Indonesia, Malaysia Diplomatic Spat
The governments of Indonesia and Malaysia are embroiled in a growing diplomatic spat over a seemingly gratuitous but certainly offensive insult by Malaysia’s former information minister, Zainuddin Maidin, who called former Indonesian President BJ Habibie a traitor and dog of imperialism.
Indonesian President Susilo Bambang Yudhoyono joined the fray Tuesday prior to his departure for Malaysia for annual high-level talks with Prime Minister Najib Tun Razak, saying Zainuddin’s comments are unethical and overstep the boundaries of decorum. The comments, he added, have jeopardized relations between the two countries and said he would raise the matter with Najib during his visit. Indonesian Minister for Foreign Affairs Marty Natalegawa said the government would send a formal protest over the article. Lawmakers have also protested, calling on Yudhoyono to cancel today's scheduled visit.
Zainuddin wrote the comments first in his blog, then published them in the Malay-language broadsheet daily Utusan Malaysia, describing Habibie’s decision to free what was then the Indonesian province of East Timor in October of 1999 when Habibie was serving as Indonesia’s president in the chaotic days following the downfall of the strongman Suharto.
In the article, headlined "Similarities Between B.J. Habibie and Anwar Ibrahim," Zainuddin took aim at the close friendship between the two and said Habibie would not have fallen from the Indonesian presidency if he had done the right thing. He also accused Habibie of being an accomplice of the United States and said he had helped Anwar Ibrahim in seeking vainly to topple former Malaysian Prime Minister Mahathir Mohamad.
Zainuddin refused to apologize last week despite calls to do so.
Habibie, who left the presidency in 1999 to be succeeded by Abdurrahman Wahid, has descended into a kind of genteel obscurity since, concentrating on the technological concerns that occupied him prior to being selected as Indonesia’s vice president near the end of Suharto’s reign.
That raises the question why Zainuddin took after the 76-year-old technocrat. It appears more than anything else to do with the fact that Habibie is an Anwar friend who regularly visits Habibie in Indonesia, most recently to speak at an event marking the anniversary of the Habibie Center in Jakarta.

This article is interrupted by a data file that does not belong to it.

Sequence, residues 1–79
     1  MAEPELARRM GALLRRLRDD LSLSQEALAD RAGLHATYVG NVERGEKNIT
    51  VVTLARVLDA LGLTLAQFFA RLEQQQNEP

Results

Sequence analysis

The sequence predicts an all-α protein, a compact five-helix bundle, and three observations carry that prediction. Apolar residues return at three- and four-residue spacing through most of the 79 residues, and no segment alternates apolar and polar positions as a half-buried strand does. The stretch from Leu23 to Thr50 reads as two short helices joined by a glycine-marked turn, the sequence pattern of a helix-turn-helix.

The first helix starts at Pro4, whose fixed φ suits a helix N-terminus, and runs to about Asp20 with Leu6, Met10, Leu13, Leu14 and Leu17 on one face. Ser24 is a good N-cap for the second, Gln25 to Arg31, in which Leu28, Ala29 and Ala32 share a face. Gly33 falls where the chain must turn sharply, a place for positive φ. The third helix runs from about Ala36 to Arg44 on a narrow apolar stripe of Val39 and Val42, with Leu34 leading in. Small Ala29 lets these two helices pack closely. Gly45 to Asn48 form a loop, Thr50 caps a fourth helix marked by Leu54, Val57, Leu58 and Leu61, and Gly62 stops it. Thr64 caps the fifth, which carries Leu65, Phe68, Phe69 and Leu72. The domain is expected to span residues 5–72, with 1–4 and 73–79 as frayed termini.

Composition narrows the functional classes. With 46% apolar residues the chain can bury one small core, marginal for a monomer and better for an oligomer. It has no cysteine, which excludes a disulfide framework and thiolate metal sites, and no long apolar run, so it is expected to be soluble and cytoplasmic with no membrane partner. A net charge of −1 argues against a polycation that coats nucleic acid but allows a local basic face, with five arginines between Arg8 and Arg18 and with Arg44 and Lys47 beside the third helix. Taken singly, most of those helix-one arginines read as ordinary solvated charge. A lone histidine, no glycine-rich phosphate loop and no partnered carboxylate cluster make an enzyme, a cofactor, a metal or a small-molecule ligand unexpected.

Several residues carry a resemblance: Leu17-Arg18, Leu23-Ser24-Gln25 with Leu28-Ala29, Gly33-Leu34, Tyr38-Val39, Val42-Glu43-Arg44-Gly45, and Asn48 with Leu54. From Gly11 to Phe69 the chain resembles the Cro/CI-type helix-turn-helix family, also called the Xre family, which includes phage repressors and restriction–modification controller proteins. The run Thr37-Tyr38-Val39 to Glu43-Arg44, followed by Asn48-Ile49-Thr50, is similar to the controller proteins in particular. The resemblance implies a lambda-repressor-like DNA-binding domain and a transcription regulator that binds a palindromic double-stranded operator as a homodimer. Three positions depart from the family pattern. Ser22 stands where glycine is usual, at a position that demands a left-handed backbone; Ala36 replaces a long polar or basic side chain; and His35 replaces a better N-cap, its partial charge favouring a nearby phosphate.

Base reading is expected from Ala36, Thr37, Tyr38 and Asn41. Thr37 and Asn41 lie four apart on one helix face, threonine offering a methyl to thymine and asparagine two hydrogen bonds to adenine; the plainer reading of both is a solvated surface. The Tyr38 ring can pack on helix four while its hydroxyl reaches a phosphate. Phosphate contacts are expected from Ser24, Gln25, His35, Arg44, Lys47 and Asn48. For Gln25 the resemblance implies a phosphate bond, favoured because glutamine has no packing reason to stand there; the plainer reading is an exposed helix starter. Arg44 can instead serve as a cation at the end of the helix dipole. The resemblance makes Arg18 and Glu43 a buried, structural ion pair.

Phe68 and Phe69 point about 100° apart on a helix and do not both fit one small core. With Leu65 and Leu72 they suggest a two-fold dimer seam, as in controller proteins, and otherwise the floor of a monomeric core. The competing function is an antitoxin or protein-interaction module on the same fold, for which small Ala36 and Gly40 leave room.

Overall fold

Utusan Malaysia is wholly owned by the United Malays National Organization, Malaysia’s biggest ethnic political party. More than any of the other party-owned publications it serves as the party’s Rottweiler, especially going after opposition Chinese politicians, but also going after Anwar and other Malay opposition figures as well. It regularly raises the unlikely specter of Christian missionaries attempting to convert ethnic Malays, who by the country’s constitution can only be Muslims.
In July 2011,in the middle of one of those controversies over supposed conversions, Free Malaysia Today, a Kuala Lumpur-based blog, argued that "The mainstream media, for as long as they pander to the government, enjoy immunity from public prosecution. But Utusan Malaysia has earned a special place within this untouchable clique simply by the virtue of being owned by UMNO. This privilege has spawned relentless attacks on the opposition and increasingly frequent inflammatory reports on race and religion. But while most urbanites can see right through Utusan Malaysia's thinly-veiled propaganda, its rural readership remains staunch believers.” It isn’t just Habibie, although he is a more convenient target than the Indonesian president himself, who in July gave a major speech at a high profile public forum in Jakarta on the subject of political reconciliation. Anwar was one of the featured panelists and the president greeted him from the podium, calling him "my good friend."
This was apparently the first time Yudhoyono had acknowledged Anwar in public, although the two know each other reasonably well. Numerous sources have said the Malaysian government was furious about the incident. "The Utusan editorial would appear to be in retaliation for the face Anwar is getting in Jakarta, and it is interesting that SBY would publicly comment on it," said a senior political observer in Jakarta.
"Even on a good day there is little love lost between Malaysia and Indonesia, but of late Anwar's appearances here are certainly a reminder that Indonesia is a democracy while Malaysia falls short."
Is Jakarta also hedging its bets on UMNO losing in the next election? "Almost certainly,” the observer said. “But even without that, there is nothing quite so much fun in Jakarta as getting the Malaysians all hot and bothered over the little things."